It would be surprising if this exact equation held for volatility — although I have recently been exploring the spatial variables for the $N$ assets that form the market as graphs and David Donoho has kindly pointed me to the work of Patrick Wolfe’s graphons and nonparametric estimation.  A graph structure is quite natural to financial assets using correlation of prices to define distance.  Partial differential equations on graphs are a new object of study that has been established over the past decade or so and are still in development in details.  In other words, Navier-Stokes is not undefined or vague but can be made rigorously precise.  It would be a surprise if an actual Navier-Stokes equation held for volatility even appropriately interpreted as a vector field on a graph.  But assuming that Onsager’s model for vortices and his results carried over to this context, in particular the gem of production of new vortices, we can try to see if it can be carried out fully.  The heat operator $H_t = \partial_t - \Delta$ is classical with enormous insights by mathematicians including my mentor from many years ago, Daniel Stroock whose understanding of diffusions is extraordinary.  The heat operator appears in Navier-Stokes with a highly nonlinear term appearing on the other side.  This term, were it not so nonlinear could not produce any turbulence and in that sense could be said to be a necessary condition of turbulence which only occurs for high Reynold’s number, a quantity defined simply in the two-dimensional hydrodynamic point-vertex model of Onsager.  In this direction, I recommend studying carefully the heat operator applied to $h_t$ in order to understand it in comparison to the Navier-Stokes right hand side.  The level of this excess is possible a key determinant of whether turbulence is possible for the world financial system.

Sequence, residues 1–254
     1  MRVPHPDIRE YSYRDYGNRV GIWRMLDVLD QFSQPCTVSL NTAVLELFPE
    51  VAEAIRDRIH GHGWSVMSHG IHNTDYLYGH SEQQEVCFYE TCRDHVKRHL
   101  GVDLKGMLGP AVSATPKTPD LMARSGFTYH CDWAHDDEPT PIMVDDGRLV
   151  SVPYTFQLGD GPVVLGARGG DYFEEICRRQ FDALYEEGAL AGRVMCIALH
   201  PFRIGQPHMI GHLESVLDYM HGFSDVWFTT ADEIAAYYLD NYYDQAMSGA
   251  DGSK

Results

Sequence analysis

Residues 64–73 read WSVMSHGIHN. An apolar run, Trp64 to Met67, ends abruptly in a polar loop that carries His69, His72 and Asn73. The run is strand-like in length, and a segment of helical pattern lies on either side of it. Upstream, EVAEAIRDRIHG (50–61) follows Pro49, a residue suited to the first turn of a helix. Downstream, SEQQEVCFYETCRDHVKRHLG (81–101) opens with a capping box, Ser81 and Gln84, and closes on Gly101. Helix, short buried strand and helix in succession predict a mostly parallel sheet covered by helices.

This is simply a first stab at laws of nature in world volatility that are intrinsic using approaches in science which have led to great advances in the actual science of hydrodynamics.